Szentkuthy’s opening scene, with its question of outer and inner “heat,” introduces one of the counter-perspectives that keeps him moving – and not towards the One. He urges himself later to “be drilled into the absolute foreignness of something, not ‘towards the one and only metaphor’ but out, out of the world of metaphors, impressions, fate, the world of life, into a radical, eternally heretical not-I.”

— David Van Dusen, “The most mysterious thing in life,” Times Literary Supplement (February 7–14, 2014) 22.

An excerpt from a review of our edition of Szentkuthy’s Towards the One & Only Metaphor.




Proustitute on Winkler

… two additional fictions by Winkler were published in the past year by Contra Mundum, When the Time Comes (1998/2013) and Natura Morta: A Roman Novella (2001/2014), both translated assiduously by Adrian West, who, to use his own words (as applied to Winkler’s prose), is able to render the “painstaking … visual detail” and “attention to the musicality of phrases” found in the original German texts with a skill that honors Winkler’s writing as a “writing-against.”

Winkler eschews a traditional plot; instead, narrative fragments work together by means of repetition to complicate his vision of modern life. But single scenes can also be understood on their own terms, if one considers the images and their relation to the overall thematics of the text.

 . . . 

Winkler’s imagistic prose shows debts to the cinema. In one scene, Piccoletto spies a videocassette of “the film Sciuscià by Vittorio de Sica” “[a]top the apricots and white peaches” carried in a plastic bag by an anonymous woman on a streetcar. This mention of de Sica’s first major work as a director—filmed in 1946 and translated in English as Shoeshine—reveals how images in Winkler function similarly to those in a neorealist film; not only do many of the series of images contain potent mixtures of the sacred and the profane, but they overvalue the image itself (in its repetition and in its recurrence) in ways also reminiscent of auteurs such as Michelangelo Antonioni.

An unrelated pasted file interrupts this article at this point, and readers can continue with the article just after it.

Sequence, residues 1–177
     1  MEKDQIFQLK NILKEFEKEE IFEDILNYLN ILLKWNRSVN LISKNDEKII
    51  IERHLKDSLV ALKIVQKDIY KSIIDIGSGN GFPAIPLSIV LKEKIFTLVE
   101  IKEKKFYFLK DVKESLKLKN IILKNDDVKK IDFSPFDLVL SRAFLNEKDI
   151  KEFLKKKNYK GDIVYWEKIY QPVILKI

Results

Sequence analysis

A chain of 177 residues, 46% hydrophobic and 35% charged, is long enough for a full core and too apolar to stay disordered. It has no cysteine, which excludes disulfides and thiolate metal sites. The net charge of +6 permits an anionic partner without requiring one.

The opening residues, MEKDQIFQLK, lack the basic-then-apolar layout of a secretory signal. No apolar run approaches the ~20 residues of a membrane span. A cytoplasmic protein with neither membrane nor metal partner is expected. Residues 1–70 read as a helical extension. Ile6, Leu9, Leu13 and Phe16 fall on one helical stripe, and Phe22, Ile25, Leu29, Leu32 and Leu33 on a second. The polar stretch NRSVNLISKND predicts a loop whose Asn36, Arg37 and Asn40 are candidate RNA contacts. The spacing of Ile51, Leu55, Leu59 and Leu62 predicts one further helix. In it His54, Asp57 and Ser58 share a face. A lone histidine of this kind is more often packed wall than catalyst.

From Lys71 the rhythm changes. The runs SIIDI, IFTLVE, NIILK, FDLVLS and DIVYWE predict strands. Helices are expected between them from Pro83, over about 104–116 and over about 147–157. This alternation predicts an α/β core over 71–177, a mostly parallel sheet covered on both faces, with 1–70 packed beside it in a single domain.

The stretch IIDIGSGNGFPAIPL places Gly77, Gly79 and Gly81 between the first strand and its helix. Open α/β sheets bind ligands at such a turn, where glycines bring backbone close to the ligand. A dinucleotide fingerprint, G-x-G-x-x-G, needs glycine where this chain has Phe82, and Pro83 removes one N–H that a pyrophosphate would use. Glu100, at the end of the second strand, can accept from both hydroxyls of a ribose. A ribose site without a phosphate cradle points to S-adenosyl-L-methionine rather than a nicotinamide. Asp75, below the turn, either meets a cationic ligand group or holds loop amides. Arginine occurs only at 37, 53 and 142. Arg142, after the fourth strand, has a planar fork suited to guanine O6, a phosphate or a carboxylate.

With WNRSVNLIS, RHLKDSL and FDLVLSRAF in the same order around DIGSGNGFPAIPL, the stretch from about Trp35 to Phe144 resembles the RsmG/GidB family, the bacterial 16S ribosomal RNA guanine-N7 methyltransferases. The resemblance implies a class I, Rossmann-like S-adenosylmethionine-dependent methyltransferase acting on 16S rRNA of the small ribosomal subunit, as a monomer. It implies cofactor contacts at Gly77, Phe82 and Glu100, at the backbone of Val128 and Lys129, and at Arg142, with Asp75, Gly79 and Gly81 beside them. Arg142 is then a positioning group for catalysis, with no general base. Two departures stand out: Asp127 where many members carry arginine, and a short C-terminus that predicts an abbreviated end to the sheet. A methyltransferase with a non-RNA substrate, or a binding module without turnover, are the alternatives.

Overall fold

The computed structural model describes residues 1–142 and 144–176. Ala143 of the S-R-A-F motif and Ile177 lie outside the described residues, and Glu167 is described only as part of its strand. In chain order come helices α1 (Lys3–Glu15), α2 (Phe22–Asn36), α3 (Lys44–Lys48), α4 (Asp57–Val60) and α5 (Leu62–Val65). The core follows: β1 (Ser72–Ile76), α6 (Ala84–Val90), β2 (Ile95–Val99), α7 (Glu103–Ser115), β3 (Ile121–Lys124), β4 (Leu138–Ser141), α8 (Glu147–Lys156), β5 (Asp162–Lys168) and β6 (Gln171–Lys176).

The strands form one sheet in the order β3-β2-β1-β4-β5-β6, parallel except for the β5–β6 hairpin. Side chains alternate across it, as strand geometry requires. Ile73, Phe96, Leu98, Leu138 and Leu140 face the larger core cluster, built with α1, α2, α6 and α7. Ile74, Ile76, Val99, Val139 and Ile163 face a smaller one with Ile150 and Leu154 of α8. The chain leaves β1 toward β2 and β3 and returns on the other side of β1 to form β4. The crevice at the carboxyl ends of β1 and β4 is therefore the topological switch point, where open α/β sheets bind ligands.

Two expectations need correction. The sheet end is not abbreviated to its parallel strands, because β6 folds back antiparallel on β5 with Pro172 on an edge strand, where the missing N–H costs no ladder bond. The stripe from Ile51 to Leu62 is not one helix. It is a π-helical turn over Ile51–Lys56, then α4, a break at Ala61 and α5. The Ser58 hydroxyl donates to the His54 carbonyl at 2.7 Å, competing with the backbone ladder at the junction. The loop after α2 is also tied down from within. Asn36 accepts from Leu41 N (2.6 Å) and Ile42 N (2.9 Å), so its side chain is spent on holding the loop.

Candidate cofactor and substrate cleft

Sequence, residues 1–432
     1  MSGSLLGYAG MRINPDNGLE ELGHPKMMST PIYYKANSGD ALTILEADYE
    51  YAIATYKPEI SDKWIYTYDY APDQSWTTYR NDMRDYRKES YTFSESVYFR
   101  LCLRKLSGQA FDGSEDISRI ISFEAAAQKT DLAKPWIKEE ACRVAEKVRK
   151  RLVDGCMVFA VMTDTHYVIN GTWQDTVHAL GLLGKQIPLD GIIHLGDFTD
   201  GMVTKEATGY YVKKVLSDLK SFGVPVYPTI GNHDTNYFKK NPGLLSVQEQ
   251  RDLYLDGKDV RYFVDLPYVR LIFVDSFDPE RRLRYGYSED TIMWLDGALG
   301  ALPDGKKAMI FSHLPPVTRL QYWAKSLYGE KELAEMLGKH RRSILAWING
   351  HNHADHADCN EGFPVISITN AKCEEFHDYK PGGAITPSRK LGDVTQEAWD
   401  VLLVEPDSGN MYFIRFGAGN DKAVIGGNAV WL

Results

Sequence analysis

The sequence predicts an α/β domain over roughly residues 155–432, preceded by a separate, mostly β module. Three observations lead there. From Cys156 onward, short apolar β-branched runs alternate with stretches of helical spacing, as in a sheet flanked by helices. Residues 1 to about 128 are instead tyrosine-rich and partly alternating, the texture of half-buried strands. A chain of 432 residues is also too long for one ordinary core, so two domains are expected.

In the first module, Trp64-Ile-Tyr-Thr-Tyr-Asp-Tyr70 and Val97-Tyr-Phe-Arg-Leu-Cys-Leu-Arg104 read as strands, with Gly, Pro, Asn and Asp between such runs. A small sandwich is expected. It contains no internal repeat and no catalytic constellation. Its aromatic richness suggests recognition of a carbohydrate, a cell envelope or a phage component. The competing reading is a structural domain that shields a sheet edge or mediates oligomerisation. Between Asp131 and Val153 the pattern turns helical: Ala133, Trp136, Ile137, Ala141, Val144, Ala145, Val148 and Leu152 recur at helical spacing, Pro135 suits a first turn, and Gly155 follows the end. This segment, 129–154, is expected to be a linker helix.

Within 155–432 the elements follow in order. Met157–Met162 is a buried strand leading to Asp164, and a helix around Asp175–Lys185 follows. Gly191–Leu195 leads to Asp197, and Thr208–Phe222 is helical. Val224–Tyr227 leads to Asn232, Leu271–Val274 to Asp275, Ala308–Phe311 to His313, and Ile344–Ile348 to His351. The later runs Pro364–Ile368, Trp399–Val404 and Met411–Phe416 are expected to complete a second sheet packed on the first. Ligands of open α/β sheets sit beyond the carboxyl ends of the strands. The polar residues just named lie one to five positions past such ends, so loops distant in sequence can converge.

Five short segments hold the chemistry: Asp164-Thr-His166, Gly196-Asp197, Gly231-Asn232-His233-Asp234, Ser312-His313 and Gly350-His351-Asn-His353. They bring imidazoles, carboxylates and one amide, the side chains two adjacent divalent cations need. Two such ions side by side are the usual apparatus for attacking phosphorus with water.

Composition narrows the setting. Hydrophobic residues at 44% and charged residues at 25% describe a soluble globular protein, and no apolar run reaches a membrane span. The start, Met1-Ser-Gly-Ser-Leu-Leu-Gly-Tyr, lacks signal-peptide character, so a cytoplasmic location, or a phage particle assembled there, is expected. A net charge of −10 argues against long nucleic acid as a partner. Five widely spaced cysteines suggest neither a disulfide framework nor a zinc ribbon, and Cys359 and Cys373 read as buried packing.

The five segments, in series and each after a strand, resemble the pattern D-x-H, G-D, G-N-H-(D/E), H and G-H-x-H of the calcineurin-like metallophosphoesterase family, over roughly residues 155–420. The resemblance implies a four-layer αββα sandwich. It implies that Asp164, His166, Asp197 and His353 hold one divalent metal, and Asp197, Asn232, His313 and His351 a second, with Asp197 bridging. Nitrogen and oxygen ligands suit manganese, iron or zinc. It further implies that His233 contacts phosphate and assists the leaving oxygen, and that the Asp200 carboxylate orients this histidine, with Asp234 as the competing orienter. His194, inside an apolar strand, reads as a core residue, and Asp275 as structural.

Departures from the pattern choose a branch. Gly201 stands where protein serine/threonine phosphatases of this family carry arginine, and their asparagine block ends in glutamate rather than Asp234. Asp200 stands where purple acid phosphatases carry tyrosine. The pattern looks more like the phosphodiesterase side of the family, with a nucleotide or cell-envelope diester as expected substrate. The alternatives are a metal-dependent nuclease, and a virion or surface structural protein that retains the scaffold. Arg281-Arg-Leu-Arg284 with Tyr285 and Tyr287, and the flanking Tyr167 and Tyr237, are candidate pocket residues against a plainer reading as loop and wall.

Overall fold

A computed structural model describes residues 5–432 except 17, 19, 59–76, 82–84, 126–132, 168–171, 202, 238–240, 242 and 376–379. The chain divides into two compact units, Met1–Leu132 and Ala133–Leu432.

K. Thomas Kahn, Numero Cinq (February 2, 2014). 

Click on the journal title to read the full review.

Emilio Villa, nineteen-fifty3 rally

Featured in the new issue of Asymptote, “nineteen-fifty3 rally,” an excerpt from our forthcoming bilingual edition of Emilio Villa’s poems.

Emilio Villa (1914-2003) was a poet, visual artist, translator, critic, and Bible scholar. His poems encompass modern and ancient languages, including Milanese, Italian, French, English, Latin, Greek, Sumerian, and Akkadian.

Fundamental to his formation were the years he spent in seminary school outside Milan and at the Istituto Biblico in Rome, where he specialized in Ancient Semitic Philology. Throughout his life, he worked on an a-confessional translation of the Hebrew Bible (which remains unpublished today), and wrote extensively on contemporary art and its relation to the visual texts left by prehistoric man. Villa’s preoccupation with the origin of language (verbal as well as non-verbal) is the common thread that runs through his diverse artistic and critical endeavors.

Our edition of Villa’s poetry is translated by Dominic Siracusa, who received for this text the Academy of American Poets’ Raiziss / de Palchi award for Modern Italian poetry in translation. For more info on the award, Siracusa, and Villa, visit this page of the American Academy of Poets:


To read Villa’s poem (in either the original Italian or the English translation):